The urgency of rock guitars
I remember listening to my first rock solo.
It obviously involved a guitar. It was a 1950s piece of music and you could tell that there was a tremendous amount of artistry because of the strumming and the melody. A lot of attention was paid to how everything flowed together.
Fast-forward to a few years and I was exposed to 60’s hard rock guitar solos and the whole idea here involves the spotlight. A lot of guitar solos are composed in such a way. The guitarist gets a chance to showcase his virtuosity.
You have to remember that remember that rock music is actually quite a broad categorization. There are many subtypes of music that would fall into broad categorization and they don’t always involve the same elements. Certain aspects focus more on musicianship, technical control, and playing disciplined.
Others tend to focus more on immediacy, emotions and a sense of urgency. If you need a good example of this seeming conflict and dichotomy, just look at the relationship between hardcore punk and heavy metal, especially heavy metal from the 1980s. It’s like day and night.
But what if I told you that they actually originated from the same place? A lot of people who were into metal were also into punk. A lot of people who were into punk were also into metal. However, they grew in opposite directions because punk emphasized a raw, visceral emotional state. The thinking is the more authentic the playing, meaning the less skilled, the more sincere that form of music is.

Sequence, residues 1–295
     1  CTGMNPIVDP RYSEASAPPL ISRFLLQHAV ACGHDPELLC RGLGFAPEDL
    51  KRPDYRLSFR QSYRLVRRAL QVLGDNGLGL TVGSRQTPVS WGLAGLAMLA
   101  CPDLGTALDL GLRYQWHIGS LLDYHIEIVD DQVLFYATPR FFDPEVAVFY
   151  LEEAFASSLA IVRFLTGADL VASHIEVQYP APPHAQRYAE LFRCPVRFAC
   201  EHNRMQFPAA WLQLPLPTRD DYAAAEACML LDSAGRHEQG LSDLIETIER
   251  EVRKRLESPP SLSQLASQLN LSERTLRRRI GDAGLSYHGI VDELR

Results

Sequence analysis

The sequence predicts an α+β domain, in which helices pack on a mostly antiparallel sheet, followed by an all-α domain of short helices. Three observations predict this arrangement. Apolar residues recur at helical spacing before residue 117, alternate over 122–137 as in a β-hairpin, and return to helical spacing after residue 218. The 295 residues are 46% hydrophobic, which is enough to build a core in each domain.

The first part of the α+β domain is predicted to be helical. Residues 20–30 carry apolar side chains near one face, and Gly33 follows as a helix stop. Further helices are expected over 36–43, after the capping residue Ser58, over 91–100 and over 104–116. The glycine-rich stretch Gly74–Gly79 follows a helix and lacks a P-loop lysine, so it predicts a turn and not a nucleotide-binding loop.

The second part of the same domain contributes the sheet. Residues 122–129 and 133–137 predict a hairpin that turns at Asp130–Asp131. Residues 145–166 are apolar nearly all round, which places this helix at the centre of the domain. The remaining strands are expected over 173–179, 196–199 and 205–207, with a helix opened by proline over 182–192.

Heavy metal, on the other hand, started off with plodding guitars and heavy noise but as more and more people flocked around the concept of rock gods and rock royalty, a heavy premium was paid for guitar virtuosity. This is why there is a tremendous amount of urgency in precision when playing rock guitars.
This has really never left the rock scene because any self-respecting rock act would always maximize virtuosity. In other words, guitarists better know their way around the guitar. And this distinction between emotional authenticity and artistic sincerity on one end and virtuosity on the other actually persists up to this very day. It would be great if this distinction was nice and easy or fairly easy to navigate. It isn’t. It’s like trying to squeeze on a balloon. When you push your finger on one end of the balloon, you know that the balloon will expand. This is not the hard part. This is to be expected. What makes things tricky is that the part that swells up in reaction to your finger can come from from many different sections of the balloon. It’s anyone’s guess, really. The same goes with virtuosity and emotional authenticity. Go hard on one end and your music might come off as something that’s very different from what you see it as.
It’s not necessarily a bad thing. If anything, it helps further define the market as far as overall sonic quality is concerned. Of course, a lot of this really turns on the urgency of the guitar.